The Rockefeller University was founded in June 1901 as The Rockefeller Institute for Medical Research—often called simply The Rockefeller Institute—by John D. Rockefeller, who had founded the University of Chicago in 1889, upon advice by his adviser Frederick T. Gates[2] and action taken in March 1901 by his son, John D. Rockefeller Jr.[3] Greatly elevating the prestige of American science and medicine, it was America's first biomedical institute, like France's Pasteur Institute (1888) and Germany's Robert Koch Institute (1891).[2] The Rockefeller Foundation, a philanthropic organization, founded in 1913, is a separate entity, but had close connections mediated by prominent figures holding dual positions.[4]

The first director of laboratories was Simon Flexner, who supervised the development of research capacity at the Institute, whose staff made major discoveries in basic research and medicine. While a student at Johns Hopkins University, Flexner had studied under the Institute's first scientific director, William H. Welch, first dean of Hopkins' medical school and known as the dean of American medicine.[3] Flexner retired in 1935 and was succeeded by Herbert Gasser.[5] He was succeeded in 1953 by Detlev Bronk, who broadened The Rockefeller Institute into a university that began awarding the PhD degree in 1954.[3] In 1965 The Rockefeller Institute's name was changed to The Rockefeller University.[3]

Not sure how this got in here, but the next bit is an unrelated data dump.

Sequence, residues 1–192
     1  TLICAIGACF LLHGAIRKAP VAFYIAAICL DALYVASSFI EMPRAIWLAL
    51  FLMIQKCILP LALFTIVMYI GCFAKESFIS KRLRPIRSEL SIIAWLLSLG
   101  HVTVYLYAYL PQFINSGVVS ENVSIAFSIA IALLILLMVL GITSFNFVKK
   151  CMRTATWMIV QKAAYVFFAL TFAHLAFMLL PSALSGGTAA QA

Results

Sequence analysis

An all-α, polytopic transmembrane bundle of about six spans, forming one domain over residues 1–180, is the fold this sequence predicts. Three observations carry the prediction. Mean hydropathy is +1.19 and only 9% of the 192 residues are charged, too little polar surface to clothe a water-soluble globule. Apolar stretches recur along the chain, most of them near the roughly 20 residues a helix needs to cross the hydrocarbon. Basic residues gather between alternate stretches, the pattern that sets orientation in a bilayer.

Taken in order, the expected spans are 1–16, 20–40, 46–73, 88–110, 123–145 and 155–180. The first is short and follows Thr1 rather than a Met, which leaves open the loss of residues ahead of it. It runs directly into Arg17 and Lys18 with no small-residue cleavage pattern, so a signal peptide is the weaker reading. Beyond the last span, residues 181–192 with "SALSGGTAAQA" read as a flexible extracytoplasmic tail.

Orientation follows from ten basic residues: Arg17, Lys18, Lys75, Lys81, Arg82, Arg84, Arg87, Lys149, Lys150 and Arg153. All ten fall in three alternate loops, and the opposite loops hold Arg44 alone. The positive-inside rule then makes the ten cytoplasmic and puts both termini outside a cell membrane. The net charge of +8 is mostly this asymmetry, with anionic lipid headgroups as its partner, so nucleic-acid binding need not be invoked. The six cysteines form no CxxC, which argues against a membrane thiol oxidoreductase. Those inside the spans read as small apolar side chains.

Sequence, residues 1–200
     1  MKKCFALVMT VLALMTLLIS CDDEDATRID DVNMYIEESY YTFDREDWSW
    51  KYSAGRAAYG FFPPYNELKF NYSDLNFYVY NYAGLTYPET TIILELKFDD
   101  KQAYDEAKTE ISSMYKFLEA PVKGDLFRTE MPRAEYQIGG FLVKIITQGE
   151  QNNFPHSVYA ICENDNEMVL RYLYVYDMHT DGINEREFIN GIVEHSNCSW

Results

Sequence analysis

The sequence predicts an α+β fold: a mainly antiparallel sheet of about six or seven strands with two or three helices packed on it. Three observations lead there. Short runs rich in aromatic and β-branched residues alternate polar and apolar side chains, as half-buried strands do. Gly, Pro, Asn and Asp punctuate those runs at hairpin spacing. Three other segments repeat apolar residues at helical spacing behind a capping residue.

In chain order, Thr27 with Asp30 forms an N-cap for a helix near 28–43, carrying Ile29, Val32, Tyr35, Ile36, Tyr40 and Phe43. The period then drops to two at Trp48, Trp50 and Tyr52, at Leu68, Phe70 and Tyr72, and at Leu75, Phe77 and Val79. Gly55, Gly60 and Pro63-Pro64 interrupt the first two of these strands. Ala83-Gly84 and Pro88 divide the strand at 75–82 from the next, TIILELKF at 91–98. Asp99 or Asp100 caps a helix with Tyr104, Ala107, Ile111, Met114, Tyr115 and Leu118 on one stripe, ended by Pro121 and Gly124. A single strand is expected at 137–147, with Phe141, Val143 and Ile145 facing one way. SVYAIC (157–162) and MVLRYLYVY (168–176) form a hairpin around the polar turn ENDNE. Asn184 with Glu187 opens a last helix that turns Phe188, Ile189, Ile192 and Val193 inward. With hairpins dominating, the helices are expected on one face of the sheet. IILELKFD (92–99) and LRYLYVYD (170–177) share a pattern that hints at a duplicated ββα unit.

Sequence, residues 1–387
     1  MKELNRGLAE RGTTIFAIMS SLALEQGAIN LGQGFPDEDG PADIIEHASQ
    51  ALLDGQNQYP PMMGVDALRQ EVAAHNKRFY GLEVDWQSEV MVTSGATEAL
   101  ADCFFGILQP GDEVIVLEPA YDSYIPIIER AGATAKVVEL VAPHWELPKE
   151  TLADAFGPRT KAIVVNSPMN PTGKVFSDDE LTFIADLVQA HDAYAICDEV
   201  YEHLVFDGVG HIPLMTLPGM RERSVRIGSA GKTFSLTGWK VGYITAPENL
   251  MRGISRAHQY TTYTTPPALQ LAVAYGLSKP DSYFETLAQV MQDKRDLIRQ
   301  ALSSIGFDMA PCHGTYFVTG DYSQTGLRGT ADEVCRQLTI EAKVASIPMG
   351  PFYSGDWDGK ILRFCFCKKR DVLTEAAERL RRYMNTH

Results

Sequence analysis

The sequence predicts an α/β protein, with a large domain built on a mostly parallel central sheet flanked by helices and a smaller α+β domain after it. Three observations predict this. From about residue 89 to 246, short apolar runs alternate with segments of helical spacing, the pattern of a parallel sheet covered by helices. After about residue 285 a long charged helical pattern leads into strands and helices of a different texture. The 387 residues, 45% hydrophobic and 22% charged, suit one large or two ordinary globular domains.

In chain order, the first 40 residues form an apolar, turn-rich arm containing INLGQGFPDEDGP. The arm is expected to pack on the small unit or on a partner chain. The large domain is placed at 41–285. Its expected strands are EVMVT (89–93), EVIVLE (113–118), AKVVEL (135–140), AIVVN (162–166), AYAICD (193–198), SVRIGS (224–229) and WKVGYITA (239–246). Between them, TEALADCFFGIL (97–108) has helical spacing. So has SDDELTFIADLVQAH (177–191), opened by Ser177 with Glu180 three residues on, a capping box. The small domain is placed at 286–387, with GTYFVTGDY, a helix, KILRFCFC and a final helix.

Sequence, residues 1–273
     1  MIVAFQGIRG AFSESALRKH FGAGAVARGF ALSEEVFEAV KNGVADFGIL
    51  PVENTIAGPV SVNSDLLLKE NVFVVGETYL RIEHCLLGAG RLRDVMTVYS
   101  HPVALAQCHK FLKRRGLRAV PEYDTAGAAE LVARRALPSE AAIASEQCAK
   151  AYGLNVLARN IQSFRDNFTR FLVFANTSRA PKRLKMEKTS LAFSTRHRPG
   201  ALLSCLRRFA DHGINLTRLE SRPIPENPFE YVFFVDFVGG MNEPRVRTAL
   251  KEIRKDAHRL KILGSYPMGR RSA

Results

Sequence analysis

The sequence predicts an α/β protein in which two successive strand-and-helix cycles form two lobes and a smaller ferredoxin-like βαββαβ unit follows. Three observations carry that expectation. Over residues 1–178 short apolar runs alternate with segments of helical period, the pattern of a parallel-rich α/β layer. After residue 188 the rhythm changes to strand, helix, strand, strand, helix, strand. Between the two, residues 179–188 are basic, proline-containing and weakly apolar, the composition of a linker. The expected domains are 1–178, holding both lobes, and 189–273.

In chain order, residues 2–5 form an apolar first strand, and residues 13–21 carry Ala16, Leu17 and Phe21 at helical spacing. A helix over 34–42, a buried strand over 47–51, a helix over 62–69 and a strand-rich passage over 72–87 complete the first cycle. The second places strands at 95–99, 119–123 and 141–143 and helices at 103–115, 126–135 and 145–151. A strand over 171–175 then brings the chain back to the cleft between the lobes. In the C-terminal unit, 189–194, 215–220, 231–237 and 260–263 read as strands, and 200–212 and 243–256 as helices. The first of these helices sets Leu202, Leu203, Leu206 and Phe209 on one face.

For its first six decades, the Institute focused on basic research to develop basic science, on applied research as biomedical engineering, and, since 1910—when The Rockefeller Hospital opened on its campus as America's first facility for clinical research—on clinical science.[6] The Rockefeller Hospital's first director Rufus Cole retired in 1937 and was succeeded by Thomas Milton Rivers.[7] As director of The Rockefeller Institute's virology laboratory, he established virology as an independent field apart from bacteriology.